0

I have this query:

SELECT 
    `sr`.`transactionDate`,
    `b`.`title`,
    `b`.`color`,
    ROUND(SUM(sr.digitalEarnings), 2) AS earnings
FROM
    `sales_report` AS `sr`
        INNER JOIN `sales_source` AS `ss` ON `sr`.`salesSourceId` = `ss`.`id`
        INNER JOIN `book` AS `b` ON `ss`.`bookId` = `b`.`id`
        LEFT JOIN `series` AS `s` ON `b`.`seriesId` = `s`.`id`
GROUP BY `ss`.`bookId` , `sr`.`transactionDate`
ORDER BY 4 DESC;

which returns: enter image description here

Instead of only returning data for the days which exist in sales_report, I need one row per day, per b.title between 2 dates.

So if I queried for January, I'd have 31 entries for one book with zero earnings on the days which have no entries in sales_report.

I'm assuming left joining on a fake table with all the dates in or something like that might be the route to go down but I can't get my head around it.

Is this possible purely with mysql?

p.s My SQL query is dynamically generated in code so if a left join on a bunch of "generated data" is the way to go, this is an option. This is the avenue I'm currently exploring.

Edit: The question is similar to Results for every hour of the day even data if not present but this one is for SQL and I'd prefer to not use a temp table.

Edit:

I've just tried this:

SELECT 
    lj.gh,
    `sr`.`transactionDate`,
    `b`.`title`,
    `b`.`color`,
    ROUND(SUM(sr.digitalEarnings), 2) AS earnings
FROM
    (
            select gen_date as gh from 
            (select adddate('1970-01-01',t4*10000 + t3*1000 + t2*100 + t1*10 + t0) gen_date from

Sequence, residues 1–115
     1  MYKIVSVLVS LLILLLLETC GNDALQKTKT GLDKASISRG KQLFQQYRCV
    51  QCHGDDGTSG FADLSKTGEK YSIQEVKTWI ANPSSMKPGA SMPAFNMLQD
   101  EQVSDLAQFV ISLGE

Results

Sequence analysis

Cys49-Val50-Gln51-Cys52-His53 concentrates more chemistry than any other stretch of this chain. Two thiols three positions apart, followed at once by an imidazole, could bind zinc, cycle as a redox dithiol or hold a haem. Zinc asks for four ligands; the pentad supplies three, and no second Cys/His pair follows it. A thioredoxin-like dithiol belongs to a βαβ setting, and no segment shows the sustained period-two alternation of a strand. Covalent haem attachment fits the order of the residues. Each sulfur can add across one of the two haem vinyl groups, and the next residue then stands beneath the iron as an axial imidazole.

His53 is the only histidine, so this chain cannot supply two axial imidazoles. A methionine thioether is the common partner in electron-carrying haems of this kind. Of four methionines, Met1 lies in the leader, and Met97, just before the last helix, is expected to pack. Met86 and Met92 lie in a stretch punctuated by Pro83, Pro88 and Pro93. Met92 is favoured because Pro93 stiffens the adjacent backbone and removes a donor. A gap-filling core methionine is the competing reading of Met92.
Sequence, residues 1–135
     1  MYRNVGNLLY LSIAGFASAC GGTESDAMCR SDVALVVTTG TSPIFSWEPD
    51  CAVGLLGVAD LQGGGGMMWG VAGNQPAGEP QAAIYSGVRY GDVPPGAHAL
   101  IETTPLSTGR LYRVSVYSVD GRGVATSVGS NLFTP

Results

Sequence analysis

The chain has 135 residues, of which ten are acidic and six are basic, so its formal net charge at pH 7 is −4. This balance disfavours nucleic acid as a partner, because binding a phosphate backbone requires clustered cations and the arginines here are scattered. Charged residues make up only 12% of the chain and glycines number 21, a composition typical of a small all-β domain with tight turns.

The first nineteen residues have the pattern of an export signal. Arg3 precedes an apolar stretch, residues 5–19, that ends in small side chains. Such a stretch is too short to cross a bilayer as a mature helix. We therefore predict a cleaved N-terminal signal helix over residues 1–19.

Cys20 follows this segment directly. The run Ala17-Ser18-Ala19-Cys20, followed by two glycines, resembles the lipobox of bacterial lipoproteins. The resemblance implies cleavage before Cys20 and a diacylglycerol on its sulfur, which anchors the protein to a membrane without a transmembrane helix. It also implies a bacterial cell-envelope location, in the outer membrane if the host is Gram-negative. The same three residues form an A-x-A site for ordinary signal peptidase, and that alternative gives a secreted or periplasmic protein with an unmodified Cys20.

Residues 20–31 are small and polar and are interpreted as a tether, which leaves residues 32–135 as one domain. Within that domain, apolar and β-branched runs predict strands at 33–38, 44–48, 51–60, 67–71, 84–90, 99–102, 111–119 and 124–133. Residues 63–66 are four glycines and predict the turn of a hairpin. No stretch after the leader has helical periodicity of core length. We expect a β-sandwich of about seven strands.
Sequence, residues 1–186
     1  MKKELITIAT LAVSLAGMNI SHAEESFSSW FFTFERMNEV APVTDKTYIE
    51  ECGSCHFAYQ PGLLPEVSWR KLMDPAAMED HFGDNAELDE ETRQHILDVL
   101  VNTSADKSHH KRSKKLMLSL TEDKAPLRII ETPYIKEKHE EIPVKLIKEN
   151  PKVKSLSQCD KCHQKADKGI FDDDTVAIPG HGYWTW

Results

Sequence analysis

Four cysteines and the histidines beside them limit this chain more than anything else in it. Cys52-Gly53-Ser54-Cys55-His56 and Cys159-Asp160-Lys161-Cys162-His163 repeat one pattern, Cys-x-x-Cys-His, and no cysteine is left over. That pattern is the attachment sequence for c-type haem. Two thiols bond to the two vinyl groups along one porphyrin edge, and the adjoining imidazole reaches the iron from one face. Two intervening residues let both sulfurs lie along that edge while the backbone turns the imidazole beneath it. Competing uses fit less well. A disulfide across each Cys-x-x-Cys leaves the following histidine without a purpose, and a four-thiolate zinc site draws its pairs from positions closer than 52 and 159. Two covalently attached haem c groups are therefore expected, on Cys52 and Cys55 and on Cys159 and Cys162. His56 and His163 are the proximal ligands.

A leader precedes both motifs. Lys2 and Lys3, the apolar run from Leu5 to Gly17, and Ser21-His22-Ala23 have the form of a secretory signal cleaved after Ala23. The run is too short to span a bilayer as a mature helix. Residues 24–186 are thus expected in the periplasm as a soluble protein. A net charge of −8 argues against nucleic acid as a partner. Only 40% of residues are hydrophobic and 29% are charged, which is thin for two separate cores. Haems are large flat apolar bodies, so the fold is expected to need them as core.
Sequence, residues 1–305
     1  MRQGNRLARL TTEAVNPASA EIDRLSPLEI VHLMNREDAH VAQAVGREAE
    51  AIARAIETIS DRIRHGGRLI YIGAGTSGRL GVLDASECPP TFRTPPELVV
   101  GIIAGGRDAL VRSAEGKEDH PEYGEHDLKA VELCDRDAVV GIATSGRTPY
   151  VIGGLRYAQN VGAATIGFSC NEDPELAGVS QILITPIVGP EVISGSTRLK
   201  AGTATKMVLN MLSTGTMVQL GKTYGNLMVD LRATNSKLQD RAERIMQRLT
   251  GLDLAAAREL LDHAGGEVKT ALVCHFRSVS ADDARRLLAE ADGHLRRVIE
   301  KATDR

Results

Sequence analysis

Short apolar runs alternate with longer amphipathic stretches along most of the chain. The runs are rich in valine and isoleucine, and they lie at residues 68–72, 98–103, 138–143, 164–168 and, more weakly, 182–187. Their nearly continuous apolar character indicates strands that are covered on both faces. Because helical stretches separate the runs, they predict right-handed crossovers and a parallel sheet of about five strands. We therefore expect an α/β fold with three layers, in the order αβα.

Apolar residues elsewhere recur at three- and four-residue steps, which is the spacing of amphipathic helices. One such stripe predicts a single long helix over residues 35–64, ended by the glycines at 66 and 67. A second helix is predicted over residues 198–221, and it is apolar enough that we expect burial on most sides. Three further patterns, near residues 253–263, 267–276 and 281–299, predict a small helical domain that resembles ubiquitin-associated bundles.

(select 0 t0 union select 1 union select 2 union select 3 union select 4 union select 5 union select 6 union select 7 union select 8 union select 9) t0,
             (select 0 t1 union select 1 union select 2 union select 3 union select 4 union select 5 union select 6 union select 7 union select 8 union select 9) t1,
             (select 0 t2 union select 1 union select 2 union select 3 union select 4 union select 5 union select 6 union select 7 union select 8 union select 9) t2,
             (select 0 t3 union select 1 union select 2 union select 3 union select 4 union select 5 union select 6 union select 7 union select 8 union select 9) t3,
             (select 0 t4 union select 1 union select 2 union select 3 union select 4 union select 5 union select 6 union select 7 union select 8 union select 9) t4) v
            where gen_date between '2017-01-01' and '2017-01-31'
        ) as lj
        left join `sales_report` AS `sr` on sr.transactionDate = lj.gh
        INNER JOIN `sales_source` AS `ss` ON `sr`.`salesSourceId` = `ss`.`id`
        INNER JOIN `book` AS `b` ON `ss`.`bookId` = `b`.`id`
        LEFT JOIN `series` AS `s` ON `b`.`seriesId` = `s`.`id`
GROUP BY `ss`.`bookId` , `sr`.`transactionDate`, lj.gh
ORDER BY 1, b.title asc;

But I'm not quite seeing an entry per day for some reason... Ah: Its returning each book (even if no sales_report) but only when there is at least one entry of sales_report on that day which is down to the inner joins.

1
  • MariaDB has pseudo tables like seq_0_to_99999 to do that crossjoin. In MySQL, I recommend building a table once and using it as needed.